Day: November 10, 2016

10 Great Picture Books on Compassion

Continuing my series of superb picture books about the kind of world we want to live in and to remind ourselves that people are inherently good, here is my list of ten great picture books on compassion:

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A Chair for My Mother by Vera B. Williams

Fox’s Garden by Princesse Camcam

How to Heal a Broken Wing Ladder To The Moon

How to Heal a Broken Wing by Bob Graham

Ladder to the Moon by Maya Soetoro-Ng, illustrated by Yuyi Morales

My Heart Will Not Sit Down The Passover Lamb

My Heart Will Not Sit Down by Mara Rockliff, illustrated by Ann Tanksley

The Passover Lamb by Linda Elovitz Marshall, illustrated by Tatjana Mai-Wyss

Red Kite, Blue Kite A Sick Day for Amos McGee

Red Kite, Blue Kite by Ji-li Jiang, illustrated by Greg Ruth

A Sick Day for Amos McGee by Philip C. Stead, illustrated by Erin E. Stead

Smoky Night Zen Ties

Smoky Night by Eve Bunting, illustrated by David Diaz

Zen Ties by Jon J. Muth

What Color Is the Wind? by Anne Herbauts

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What Color Is the Wind? by Anne Herbauts (InfoSoup)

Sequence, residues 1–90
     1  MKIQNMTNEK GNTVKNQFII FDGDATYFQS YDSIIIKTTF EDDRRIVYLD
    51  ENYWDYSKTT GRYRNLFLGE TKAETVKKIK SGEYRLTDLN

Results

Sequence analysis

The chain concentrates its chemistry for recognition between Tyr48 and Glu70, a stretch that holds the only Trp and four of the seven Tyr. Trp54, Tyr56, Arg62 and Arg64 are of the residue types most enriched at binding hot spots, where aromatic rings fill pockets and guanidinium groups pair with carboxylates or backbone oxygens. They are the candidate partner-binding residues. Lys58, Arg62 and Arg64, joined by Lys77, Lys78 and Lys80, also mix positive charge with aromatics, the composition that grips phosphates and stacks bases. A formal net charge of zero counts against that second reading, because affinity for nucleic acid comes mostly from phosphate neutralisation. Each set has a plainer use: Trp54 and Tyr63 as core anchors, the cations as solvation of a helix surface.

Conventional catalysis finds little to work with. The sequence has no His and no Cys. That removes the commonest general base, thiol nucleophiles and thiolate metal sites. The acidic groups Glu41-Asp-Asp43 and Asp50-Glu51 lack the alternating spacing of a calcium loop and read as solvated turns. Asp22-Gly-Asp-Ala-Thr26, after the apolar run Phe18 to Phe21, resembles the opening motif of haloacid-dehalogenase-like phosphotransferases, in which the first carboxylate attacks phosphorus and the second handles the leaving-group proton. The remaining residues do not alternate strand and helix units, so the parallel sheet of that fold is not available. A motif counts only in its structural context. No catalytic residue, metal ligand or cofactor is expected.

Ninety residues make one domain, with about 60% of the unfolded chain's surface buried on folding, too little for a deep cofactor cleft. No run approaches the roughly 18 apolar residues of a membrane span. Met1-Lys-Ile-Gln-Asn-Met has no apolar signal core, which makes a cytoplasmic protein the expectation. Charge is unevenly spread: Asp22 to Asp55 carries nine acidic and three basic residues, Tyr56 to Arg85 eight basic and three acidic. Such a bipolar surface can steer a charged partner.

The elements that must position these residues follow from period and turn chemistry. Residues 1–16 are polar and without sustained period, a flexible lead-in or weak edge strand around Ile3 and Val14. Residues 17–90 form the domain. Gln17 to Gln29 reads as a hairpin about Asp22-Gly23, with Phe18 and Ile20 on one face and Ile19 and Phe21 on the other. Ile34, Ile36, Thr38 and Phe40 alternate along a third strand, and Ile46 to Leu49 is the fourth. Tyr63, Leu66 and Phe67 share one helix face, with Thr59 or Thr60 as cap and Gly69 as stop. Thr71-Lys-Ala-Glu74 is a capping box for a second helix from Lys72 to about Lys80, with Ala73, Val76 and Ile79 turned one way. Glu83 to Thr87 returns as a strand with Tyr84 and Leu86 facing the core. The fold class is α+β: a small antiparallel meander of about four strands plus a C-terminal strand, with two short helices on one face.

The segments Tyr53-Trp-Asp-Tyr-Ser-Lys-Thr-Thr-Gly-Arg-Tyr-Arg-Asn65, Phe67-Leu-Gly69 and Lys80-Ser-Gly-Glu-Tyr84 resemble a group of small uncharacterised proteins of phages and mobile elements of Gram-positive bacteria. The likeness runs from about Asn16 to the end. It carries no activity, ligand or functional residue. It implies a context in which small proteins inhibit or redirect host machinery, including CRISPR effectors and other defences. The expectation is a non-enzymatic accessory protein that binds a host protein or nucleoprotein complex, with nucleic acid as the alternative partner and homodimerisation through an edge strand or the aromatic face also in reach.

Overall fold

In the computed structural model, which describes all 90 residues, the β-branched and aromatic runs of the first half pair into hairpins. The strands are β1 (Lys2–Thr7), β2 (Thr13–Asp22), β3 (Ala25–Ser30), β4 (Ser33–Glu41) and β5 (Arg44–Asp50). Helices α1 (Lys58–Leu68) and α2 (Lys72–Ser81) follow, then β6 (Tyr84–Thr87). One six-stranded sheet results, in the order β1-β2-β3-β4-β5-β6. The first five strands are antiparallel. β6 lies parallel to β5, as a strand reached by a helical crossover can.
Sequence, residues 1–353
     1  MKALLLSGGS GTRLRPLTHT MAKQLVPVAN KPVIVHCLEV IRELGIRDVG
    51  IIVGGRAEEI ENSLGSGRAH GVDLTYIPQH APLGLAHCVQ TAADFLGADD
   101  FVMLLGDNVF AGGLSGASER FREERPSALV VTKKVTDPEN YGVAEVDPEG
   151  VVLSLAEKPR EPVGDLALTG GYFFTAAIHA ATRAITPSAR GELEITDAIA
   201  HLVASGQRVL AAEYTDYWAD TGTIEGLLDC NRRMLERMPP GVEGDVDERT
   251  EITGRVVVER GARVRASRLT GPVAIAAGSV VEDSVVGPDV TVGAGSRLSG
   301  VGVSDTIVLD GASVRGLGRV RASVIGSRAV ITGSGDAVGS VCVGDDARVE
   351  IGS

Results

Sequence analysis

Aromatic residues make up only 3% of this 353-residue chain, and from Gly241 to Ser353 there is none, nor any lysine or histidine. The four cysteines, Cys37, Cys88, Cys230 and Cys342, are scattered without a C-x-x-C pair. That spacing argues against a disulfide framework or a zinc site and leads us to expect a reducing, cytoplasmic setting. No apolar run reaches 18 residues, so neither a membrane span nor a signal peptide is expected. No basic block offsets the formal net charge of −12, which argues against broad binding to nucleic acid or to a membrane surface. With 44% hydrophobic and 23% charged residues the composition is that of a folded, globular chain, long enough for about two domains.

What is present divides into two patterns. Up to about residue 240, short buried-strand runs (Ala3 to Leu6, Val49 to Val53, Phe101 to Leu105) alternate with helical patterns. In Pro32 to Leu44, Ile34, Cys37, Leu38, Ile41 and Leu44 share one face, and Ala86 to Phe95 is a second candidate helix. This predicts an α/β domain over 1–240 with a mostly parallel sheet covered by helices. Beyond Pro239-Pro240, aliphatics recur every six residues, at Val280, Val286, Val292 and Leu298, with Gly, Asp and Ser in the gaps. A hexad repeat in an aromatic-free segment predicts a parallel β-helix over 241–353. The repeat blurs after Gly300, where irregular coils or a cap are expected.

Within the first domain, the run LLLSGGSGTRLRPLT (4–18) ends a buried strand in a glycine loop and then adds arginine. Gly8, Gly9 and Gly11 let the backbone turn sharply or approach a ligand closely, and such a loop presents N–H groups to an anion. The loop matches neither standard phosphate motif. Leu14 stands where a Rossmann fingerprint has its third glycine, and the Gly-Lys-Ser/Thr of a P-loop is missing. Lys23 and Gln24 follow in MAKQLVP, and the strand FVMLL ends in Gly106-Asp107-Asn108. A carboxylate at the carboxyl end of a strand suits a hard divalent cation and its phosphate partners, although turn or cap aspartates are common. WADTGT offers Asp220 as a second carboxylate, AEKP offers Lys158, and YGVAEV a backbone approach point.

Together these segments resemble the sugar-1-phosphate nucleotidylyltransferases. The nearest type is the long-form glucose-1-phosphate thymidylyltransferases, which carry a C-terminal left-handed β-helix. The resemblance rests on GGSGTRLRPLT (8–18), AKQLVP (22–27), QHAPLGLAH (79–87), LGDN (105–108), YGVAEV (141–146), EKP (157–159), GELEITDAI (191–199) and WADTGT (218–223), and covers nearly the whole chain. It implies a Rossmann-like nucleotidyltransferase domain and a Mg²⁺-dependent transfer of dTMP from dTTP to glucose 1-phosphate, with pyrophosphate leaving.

A child who is blind walks through the world asking what color the wind is. He gets very different answers from those he asks. The wolf says the wind is “the dark smell of the forest.” For the bees, the wind is “the color of  sunshine.” The apple tree sees the wind as “a sugary color” while its roots view it as “the color of sap and pomegranates.” By the end of the book, the child reaches a giant who says that the wind is the color of all of these things. Then readers are encouraged to flip the pages of the book, creating a rainbow of colors along the way and a breeze of wind too.

Herbauts’ book is exceptional. She has created a book filled with the senses. She incorporates touch into her illustrations, taste and smell are in many of the colors of the wind, and throughout there is a feel for the lack of vision and the increased vitality of the other senses. The imagery she matches with each character’s point of view is spot on. It’s done in a lush and lovely way that makes the experience of reading it intense and fascinating.

The illustrations have raised ridges in places that can be felt by the fingertips. They also have gloss on them to bring some of the tactile features out visually as well. Others are almost hidden until you run your fingers along them. The pages are filled with colors and playfulness with the child’s black boots walking along from page to page and other pages covered in raindrops or laundry.

Immensely beautiful, lush and wondrous, this picture book is a feast for all of the senses. Appropriate for ages 3-5.

Reviewed from copy received from Enchanted Lion Books.